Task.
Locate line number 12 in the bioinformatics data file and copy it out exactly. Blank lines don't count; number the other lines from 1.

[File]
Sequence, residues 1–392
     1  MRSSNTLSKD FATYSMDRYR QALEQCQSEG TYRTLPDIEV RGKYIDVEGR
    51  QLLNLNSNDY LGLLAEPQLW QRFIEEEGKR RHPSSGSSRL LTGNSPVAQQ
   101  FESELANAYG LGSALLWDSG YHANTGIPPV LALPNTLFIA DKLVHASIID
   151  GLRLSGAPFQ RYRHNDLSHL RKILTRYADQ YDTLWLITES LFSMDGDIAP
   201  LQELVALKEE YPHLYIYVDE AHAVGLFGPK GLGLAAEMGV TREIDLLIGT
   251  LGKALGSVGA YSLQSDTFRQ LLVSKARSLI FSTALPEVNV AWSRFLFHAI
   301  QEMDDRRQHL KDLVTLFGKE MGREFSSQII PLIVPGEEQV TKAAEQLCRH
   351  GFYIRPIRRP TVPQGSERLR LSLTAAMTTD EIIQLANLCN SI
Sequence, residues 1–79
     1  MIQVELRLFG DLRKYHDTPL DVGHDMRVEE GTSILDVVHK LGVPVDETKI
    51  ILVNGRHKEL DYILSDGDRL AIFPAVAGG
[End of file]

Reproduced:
    51  ILVNGRHKEL DYILSDGDRL AIFPAVAGG